Through efforts to separate the active nuclear reactor itself with the auxiliary buildings around the reactor – all of which can be constructed with standard materials and methods, side-stepping the often lengthy and expensive nuclear licensing, regulations and restrictions – the plant can be sold to utilities for under a billion dollars, the company claims. 

“There’s some really novel concepts in the design, but they’re also coupling it with a molten salt thermal storage system so you can take advantage of not only electrons that are produced but also the process heat and that molten salt medium would be used to store heat for other uses,” says Idaho National Laboratory (IDL) Director Mark Peters.

The X-Energy Xe-100 small modular reactor (SMR) meanwhile is a 80 MWe reactor that can be scaled into a modular power plant of a four-pack 320 MWe power plant, or larger, and is small enough to be deliverable by existing road or rail directly to a utility’s site.

The Xe-100’s 200 MW thermal output and 565°C steam temperature means it can also be used for industrial process steam applications, providing a flexibility for utilities on how they use the plant including hydrogen production, while the company aims to cut costs through underground construction, the use of pooled off-site resources and a simplified passive safety system. 

The award is just the latest financial backing from the DOE for X-Energy for this reactor. In 2016, the company won a 5-year $40 million funding grant for the Xe-100 and in 2018, the DOE granted $9 million cooperative agreement for the design and license application development of TRISO-X, a cross-cutting, high assay low enriched uranium (HALEU) fuel fabrication facility.

The DOE awarded the company a further $3.5 million last year for a project to reduce construction and maintenance costs of the reactor's design.

Fuel on a commercial scale

Both proposals will run on HALEU – which has a uranium enrichment of up to 20% compared to up to 5% for fuel used with the current fleet of reactors - and have made provisions to secure the fuel, which does not commercially exist in the United States.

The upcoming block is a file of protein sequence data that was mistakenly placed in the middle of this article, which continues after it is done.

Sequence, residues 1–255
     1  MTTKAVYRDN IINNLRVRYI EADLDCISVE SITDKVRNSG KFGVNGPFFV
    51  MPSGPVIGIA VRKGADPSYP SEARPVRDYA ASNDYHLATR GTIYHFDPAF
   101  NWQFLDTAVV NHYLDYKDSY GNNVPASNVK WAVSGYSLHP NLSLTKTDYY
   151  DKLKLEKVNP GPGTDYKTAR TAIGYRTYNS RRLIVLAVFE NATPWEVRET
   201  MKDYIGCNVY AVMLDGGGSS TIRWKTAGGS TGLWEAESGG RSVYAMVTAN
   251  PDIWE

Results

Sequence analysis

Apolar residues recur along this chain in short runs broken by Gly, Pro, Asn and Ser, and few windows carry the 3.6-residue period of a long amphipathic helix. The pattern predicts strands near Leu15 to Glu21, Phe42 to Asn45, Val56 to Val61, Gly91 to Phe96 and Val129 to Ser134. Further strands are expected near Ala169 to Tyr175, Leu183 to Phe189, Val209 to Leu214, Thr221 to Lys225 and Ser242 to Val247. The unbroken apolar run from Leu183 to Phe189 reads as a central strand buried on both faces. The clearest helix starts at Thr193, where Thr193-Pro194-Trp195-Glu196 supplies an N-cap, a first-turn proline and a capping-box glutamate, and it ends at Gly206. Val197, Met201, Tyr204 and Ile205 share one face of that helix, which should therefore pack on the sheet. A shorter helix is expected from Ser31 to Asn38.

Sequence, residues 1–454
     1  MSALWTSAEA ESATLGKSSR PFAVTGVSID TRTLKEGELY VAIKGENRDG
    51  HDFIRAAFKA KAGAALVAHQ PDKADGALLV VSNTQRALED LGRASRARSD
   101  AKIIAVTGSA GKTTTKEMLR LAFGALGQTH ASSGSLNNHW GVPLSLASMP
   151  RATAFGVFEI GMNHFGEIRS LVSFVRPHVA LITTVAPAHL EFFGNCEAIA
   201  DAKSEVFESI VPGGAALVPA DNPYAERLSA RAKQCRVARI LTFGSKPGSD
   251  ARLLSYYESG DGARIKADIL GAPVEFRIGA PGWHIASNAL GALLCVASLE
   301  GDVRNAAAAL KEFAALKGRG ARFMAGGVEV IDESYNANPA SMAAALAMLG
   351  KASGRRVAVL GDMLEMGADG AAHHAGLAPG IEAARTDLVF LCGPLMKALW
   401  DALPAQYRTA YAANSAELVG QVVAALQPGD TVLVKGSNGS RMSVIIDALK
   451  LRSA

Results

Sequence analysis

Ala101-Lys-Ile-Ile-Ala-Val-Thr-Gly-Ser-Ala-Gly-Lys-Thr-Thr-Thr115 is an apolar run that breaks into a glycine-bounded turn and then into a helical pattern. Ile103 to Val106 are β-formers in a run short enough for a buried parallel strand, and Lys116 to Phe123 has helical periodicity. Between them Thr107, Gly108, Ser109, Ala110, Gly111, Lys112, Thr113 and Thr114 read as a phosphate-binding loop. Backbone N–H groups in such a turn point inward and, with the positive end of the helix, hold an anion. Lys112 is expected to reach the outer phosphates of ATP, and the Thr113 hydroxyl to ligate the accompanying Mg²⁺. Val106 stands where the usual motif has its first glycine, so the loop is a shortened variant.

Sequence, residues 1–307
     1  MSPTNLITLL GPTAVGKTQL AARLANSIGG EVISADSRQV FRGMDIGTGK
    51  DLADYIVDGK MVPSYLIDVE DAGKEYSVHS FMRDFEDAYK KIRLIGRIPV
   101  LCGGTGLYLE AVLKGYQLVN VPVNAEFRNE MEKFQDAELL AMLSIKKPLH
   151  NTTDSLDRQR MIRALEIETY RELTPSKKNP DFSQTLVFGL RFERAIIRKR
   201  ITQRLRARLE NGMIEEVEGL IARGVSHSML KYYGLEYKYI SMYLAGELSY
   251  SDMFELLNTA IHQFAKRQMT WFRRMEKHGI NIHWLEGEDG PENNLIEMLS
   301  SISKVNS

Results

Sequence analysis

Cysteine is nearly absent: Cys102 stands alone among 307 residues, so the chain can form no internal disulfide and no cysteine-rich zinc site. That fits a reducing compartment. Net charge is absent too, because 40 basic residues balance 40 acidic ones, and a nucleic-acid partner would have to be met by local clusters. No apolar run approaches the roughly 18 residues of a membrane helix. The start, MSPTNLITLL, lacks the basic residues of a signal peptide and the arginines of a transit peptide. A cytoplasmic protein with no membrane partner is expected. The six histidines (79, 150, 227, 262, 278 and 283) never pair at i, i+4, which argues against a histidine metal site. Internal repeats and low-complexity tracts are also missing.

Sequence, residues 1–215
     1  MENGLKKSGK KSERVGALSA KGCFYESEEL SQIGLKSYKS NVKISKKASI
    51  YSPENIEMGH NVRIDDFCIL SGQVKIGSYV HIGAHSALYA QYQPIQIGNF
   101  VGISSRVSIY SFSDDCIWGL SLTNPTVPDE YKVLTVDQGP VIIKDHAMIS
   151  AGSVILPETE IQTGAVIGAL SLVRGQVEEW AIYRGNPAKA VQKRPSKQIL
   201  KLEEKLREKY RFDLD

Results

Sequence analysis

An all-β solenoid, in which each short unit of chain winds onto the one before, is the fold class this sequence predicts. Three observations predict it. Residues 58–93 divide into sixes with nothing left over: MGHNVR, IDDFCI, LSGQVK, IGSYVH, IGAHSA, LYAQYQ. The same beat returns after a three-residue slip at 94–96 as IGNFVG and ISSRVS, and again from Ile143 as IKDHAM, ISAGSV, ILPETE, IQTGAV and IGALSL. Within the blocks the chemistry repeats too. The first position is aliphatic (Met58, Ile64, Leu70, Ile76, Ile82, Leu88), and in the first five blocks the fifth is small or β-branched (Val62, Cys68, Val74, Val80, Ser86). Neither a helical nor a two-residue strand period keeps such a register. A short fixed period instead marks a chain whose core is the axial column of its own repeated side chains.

According to the Nuclear Energy Institute, the advanced reactor industry, which is relying on HALEU as it allows for longer life core and increased efficiencies, will need more than 425 metric tons of HALEU by 2030. 

In September, TerraPower said that if it were selected for the ARDP, it would work with Centrus Energy to build commercial-scale capacity to produce HALEU production and fabricate it into metal fuel assemblies.

Centrus is currently working to deploy 16 of its AC-100M centrifuges to demonstrate HALEU production in a three-year cost share contract with the DOE. 

X-Energy is manufacturing its own proprietary version of TRi-structural ISOtropic (TRISO) particles at the DOE’s Oak Ridge National Laboratory. TRISO coated fuels have a uranium kernel coated with three layers of pyrolytic carbon and one layer of silicon carbide, encapsulating all product radionuclei and can withstand very high temperatures without melting.

Regulators play catch up 

The Nuclear Regulatory Commission meanwhile is working overtime to make sure its own regulations reach beyond the current generation of LWRs and can encapsulate the new advanced reactors under development. 

The ARDP is an opportunity for the NRC to adjust to the new wave of upcoming reactors, according to Niko McMurray, Nuclear Program Director at ClearPath and previously a materials engineer at the NRC focusing on new and advanced nuclear reactors. 

“It’s going to be a challenge for the NRC though they have been preparing for the last several years. The ARDP is an opportunity for them to review and license two advanced reactors which also will help the broader industry when they review other designs,” he says. 

“They’ve been looking at the regulations and modernizing them to make sure that they can review something that looks different from an existing large light-water reactor.”

By Paul Day